Seventy eight percent of Mount Vernon students who procrastinate cite some sort of lack of motivation as a cause. Obviously, this is a problem because the thrill of homework isn’t exactly enticing enough to hold anyone’s attention for more than a millisecond. Consequently, an outside force of motivation is necessary. For some, an angry parent or teacher will do, but for those of us who are expected to have some sort of inner drive to complete seemingly useless tasks, this is where we need to get creative. For Kayleigh Kirton, a freshman procrastinator, all it takes is the thought of what could be, in a world without homework, “I just think ‘If I get this done, I can go back to reading, or watching Netflix, or whatever I want to do, but only if I get this done’,” she says. Just the simple hope for one’s true bliss alone could carry someone through an entire project. Know yourself, if that’s enough, use it.

However, for others thinking of paradise only weakens your motivation. For that crowd, treats, phone breaks, or food will usually suffice. “I promise myself food after I’m done doing homework,” junior Isabel Klawiter, a master procrastinator says. Don’t be timid, go big with rewards. This stuff needs to get done.

Step 4: Environment
Now that you’ve completed the planning for one of the longest nights of your life, it’s time to choose a location. When completing a lot of homework in little time, it’s important to feel relaxed and mitigate stress. Look for a place with little opportunity for distraction, and turn your phone off through the entirety of your journey. For attire, choose something you feel comfortable or powerful in. Now it’s time to get into the zone. In regard to background noise, it’s important to know what you need. Are you someone who needs silence in order to stay focused, do you prefer white noise or soft piano music, or does using Lo-Fi beats and creating a study aesthetic help with your motivation? “Listen to Mario Kart music. It makes you feel like you’re racing to get your homework done,” recommends Sage Boettcher, a senior procrastinator. Boettcher has it figured out. Find your natural adrenaline boost.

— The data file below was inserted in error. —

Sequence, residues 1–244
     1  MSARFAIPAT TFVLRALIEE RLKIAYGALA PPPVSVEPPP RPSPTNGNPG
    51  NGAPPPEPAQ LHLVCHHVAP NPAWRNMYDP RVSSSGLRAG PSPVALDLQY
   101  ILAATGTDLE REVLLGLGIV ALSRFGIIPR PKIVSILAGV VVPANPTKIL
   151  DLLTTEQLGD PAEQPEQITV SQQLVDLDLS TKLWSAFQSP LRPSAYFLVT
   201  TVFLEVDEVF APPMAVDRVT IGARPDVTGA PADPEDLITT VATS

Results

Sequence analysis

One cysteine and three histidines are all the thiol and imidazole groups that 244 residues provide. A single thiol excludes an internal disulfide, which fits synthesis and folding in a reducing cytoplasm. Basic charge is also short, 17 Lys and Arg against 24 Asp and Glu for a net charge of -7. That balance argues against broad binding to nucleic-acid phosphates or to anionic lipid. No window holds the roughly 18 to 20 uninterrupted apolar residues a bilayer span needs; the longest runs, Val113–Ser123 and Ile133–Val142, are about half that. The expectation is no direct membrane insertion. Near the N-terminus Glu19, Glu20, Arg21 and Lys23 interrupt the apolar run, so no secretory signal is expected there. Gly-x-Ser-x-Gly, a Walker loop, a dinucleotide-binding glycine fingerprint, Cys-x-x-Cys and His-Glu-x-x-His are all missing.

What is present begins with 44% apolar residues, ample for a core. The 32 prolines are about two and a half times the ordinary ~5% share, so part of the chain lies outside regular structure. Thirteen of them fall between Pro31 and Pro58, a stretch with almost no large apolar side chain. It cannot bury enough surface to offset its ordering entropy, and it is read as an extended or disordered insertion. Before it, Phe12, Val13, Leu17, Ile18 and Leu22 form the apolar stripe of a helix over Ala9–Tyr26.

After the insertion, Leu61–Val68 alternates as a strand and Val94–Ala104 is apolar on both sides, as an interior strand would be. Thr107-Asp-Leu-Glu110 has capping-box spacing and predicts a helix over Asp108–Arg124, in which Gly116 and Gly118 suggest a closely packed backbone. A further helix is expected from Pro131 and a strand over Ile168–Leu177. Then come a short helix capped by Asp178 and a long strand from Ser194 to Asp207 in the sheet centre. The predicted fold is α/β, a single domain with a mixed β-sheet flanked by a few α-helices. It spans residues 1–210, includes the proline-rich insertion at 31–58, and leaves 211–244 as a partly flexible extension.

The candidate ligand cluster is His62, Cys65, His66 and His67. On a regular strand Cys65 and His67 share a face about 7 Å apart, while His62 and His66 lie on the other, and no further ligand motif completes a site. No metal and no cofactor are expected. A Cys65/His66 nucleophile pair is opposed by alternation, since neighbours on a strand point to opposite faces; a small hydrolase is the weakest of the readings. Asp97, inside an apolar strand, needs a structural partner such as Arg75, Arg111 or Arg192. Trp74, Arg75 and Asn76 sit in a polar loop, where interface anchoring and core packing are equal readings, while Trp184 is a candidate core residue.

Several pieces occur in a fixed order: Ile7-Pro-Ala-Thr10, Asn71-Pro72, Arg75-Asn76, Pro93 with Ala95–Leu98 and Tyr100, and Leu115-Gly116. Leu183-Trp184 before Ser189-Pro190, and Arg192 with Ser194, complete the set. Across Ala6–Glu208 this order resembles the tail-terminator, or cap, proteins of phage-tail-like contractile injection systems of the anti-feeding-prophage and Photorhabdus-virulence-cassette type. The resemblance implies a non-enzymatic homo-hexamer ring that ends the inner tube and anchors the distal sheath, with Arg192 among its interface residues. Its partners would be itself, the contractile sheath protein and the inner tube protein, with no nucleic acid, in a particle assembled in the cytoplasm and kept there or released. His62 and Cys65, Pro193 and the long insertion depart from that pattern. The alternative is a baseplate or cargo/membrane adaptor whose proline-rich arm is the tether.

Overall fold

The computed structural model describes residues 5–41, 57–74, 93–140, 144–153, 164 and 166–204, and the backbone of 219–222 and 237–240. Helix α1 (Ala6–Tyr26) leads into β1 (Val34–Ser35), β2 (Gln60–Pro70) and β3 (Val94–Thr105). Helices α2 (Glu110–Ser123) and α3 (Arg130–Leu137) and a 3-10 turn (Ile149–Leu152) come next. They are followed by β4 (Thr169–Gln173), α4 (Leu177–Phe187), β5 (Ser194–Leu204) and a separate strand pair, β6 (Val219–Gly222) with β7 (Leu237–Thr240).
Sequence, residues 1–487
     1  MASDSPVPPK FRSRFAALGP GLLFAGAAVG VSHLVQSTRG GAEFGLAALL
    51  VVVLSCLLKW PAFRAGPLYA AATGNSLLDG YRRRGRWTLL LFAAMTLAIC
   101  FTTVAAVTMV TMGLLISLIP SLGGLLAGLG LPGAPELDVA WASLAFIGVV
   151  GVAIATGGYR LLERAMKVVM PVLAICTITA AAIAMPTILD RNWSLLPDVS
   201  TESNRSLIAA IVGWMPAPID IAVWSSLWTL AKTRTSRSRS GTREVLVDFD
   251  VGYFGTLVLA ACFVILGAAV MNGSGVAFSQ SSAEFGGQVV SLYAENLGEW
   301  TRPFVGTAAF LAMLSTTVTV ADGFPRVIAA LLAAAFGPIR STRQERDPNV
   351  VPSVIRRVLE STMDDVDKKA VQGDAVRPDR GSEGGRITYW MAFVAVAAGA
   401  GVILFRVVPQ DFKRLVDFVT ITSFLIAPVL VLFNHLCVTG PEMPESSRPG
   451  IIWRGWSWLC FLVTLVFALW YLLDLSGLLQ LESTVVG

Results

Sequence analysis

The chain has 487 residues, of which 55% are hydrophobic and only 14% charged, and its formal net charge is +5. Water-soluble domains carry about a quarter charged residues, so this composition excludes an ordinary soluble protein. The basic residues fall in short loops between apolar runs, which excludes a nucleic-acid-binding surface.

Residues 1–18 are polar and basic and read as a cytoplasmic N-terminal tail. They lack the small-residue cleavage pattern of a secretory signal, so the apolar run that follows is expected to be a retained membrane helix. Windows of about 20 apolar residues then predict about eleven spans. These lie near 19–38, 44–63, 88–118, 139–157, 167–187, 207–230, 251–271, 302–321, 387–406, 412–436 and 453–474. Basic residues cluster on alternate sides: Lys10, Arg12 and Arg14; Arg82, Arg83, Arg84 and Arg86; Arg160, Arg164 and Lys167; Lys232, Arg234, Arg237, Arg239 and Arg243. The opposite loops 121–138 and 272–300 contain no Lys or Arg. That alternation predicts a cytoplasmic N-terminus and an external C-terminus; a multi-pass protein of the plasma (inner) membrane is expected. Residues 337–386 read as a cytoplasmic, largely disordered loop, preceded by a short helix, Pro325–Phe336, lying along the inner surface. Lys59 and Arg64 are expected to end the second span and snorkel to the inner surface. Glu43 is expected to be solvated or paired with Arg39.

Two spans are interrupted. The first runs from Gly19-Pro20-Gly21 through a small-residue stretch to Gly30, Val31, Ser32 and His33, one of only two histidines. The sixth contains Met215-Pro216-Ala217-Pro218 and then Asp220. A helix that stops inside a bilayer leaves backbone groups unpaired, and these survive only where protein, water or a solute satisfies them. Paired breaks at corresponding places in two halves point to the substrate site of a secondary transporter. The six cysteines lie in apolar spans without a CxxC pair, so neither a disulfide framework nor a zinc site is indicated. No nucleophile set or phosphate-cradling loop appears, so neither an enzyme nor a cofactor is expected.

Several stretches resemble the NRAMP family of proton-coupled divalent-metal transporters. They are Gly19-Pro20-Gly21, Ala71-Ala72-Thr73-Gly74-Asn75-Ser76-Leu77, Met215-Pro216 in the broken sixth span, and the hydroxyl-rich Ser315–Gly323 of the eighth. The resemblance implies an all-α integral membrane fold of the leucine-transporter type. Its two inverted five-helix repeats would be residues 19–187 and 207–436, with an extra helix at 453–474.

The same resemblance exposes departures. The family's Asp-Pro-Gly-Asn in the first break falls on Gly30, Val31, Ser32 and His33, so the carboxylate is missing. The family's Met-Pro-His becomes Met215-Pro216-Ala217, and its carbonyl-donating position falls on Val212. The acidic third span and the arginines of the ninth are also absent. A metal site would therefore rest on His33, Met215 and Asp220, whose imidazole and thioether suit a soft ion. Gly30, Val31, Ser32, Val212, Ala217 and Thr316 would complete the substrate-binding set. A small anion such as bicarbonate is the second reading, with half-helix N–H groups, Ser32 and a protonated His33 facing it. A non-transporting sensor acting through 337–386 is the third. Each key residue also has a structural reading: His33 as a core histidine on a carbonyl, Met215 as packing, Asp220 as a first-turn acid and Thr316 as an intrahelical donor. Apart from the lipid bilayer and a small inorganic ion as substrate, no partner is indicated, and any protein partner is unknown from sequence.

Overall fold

If it looks like you tried, the teacher might give you another chance and that is a procrastinator’s dream.”

— Mark Liberko, junior

Step 5: Get it Done by all Means Necessary
After completing every step on this list, you’ve done everything you can to salvage your situation, so let’s talk about missing the deadline. It can’t happen. Whether that means writing an entire paper in 15 minutes, or doing two pages of math homework without knowledge on the subject, just put pen to paper and write. “Just get it done, it doesn’t matter how terrible a job you do, just force yourself to do something,” Mark Liberko, a very wise junior procrastinator says. “If it looks like you tried, the teacher might give you another chance and that is a procrastinator’s dream.”

No matter the final product, be proud that you just made it through one of the most stressful circumstances known to man. Keep that confidence rolling and you might just be able to pull it off again. With that being said, I’m going to have to log off. It’s 11:58 pm and this paper is due in about a minute…